Comparative analysis examining patterns of genomic differentiation across multiple episodes of population divergence in birds
- Functional zoology
- BECC - Biodiversity and Ecosystem services in a Changing Climate
Heterogeneous patterns of genomic differentiation are commonly documented between closely related populations and there is considerable interest in identifying factors that contribute to their formation. These factors could include genomic features (e.g., areas of low recombination) that promote processes like linked selection (positive or purifying selection that affects linked neutral sites) at specific genomic regions. Examinations of repeatable patterns of differentiation across population pairs can provide insight into the role of these factors. Birds are well suited for this work, as genome structure is conserved across this group. Accordingly, we reestimated relative (FST ) and absolute (dXY ) differentiation between eight sister pairs of birds that span a broad taxonomic range using a common pipeline. Across pairs, there were modest but significant correlations in window-based estimates of differentiation (up to 3% of variation explained for FST and 26% for dXY ), supporting a role for processes at conserved genomic features in generating heterogeneous patterns of differentiation; processes specific to each episode of population divergence likely explain the remaining variation. The role genomic features play was reinforced by linear models identifying several genomic variables (e.g., gene densities) as significant predictors of FST and dXY repeatability. FST repeatability was higher among pairs that were further along the speciation continuum (i.e., more reproductively isolated) providing further insight into how genomic differentiation changes with population divergence; early stages of speciation may be dominated by positive selection that is different between pairs but becomes integrated with processes acting according to shared genomic features as speciation proceeds.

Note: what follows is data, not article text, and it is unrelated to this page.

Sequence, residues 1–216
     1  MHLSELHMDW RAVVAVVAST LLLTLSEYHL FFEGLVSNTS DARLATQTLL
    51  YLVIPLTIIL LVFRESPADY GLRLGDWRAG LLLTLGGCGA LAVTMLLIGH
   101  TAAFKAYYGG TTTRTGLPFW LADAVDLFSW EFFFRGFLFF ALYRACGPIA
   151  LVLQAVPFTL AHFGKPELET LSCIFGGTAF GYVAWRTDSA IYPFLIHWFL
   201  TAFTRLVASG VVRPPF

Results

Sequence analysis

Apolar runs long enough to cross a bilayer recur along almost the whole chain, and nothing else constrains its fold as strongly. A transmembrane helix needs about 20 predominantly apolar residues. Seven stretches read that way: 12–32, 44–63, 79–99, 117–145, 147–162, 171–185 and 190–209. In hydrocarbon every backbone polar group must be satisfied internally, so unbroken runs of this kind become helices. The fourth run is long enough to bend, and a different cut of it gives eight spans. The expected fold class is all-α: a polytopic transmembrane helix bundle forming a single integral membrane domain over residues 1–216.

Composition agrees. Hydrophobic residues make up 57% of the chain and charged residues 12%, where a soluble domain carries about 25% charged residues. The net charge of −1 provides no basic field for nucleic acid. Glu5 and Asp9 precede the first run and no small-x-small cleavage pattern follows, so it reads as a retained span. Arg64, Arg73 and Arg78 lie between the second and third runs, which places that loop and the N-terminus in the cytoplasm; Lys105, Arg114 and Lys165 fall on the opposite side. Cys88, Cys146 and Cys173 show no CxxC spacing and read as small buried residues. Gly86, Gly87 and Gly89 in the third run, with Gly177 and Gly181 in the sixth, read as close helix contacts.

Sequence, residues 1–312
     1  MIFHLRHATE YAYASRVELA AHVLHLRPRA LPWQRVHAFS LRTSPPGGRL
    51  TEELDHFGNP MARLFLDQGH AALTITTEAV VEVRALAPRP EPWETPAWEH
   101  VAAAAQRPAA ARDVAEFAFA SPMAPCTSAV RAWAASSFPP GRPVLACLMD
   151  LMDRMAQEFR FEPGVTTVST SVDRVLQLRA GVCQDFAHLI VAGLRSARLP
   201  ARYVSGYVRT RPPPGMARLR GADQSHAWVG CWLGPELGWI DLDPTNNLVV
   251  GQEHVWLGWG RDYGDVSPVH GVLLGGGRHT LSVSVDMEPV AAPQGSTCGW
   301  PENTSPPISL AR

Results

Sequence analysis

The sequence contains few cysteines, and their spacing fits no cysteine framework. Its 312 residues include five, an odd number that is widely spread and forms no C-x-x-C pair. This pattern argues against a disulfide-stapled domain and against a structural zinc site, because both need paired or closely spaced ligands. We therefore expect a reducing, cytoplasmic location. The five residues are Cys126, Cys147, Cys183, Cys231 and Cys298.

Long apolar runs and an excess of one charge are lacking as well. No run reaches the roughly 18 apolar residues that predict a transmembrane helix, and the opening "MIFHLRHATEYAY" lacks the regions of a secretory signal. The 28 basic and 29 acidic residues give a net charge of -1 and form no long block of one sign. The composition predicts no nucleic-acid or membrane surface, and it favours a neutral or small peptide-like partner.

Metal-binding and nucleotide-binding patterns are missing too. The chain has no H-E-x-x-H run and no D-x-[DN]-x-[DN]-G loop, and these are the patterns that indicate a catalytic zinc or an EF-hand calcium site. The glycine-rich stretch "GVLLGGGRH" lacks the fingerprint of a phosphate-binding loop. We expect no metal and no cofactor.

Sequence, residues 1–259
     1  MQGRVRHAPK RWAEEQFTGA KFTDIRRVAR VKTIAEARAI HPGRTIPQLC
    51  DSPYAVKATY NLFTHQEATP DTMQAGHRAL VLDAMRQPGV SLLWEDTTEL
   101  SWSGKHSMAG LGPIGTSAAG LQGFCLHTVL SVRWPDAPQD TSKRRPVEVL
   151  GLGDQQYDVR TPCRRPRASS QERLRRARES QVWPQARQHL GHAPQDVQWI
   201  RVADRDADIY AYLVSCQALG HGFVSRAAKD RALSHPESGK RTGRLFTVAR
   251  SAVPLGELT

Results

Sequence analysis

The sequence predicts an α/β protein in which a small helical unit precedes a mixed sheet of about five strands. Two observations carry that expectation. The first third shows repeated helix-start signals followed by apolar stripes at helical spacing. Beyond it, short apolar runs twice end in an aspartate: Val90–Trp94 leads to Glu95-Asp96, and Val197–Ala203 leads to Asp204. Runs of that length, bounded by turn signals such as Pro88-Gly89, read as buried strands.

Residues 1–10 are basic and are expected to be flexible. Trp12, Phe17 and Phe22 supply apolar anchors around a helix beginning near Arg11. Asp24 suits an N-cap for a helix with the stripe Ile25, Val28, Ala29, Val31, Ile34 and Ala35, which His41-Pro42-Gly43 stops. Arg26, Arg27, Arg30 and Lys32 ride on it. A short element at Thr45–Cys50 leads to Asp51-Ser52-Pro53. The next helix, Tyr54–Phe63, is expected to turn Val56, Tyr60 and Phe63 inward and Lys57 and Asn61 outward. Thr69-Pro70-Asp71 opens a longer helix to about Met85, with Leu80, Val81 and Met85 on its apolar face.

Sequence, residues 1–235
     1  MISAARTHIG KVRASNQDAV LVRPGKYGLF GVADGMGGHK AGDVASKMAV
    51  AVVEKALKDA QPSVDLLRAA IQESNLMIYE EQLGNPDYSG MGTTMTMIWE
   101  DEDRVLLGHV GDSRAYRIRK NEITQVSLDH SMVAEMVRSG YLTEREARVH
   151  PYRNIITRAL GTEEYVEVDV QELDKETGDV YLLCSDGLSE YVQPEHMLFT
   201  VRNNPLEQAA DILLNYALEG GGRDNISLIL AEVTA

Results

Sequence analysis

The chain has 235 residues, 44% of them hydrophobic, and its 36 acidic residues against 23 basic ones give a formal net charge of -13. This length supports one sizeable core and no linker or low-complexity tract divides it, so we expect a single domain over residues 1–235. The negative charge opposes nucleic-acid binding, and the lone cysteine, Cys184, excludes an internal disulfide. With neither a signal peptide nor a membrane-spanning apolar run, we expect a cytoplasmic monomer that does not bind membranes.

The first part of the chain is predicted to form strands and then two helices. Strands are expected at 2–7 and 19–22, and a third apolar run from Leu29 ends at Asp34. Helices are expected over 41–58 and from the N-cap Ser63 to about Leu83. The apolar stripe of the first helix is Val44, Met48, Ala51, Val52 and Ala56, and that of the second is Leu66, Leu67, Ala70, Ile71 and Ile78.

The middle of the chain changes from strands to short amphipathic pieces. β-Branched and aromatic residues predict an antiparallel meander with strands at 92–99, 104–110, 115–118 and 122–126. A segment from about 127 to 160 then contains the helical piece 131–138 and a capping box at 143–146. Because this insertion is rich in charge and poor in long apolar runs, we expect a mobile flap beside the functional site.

- Evolutionary Biology
- ISSN: 2056-3744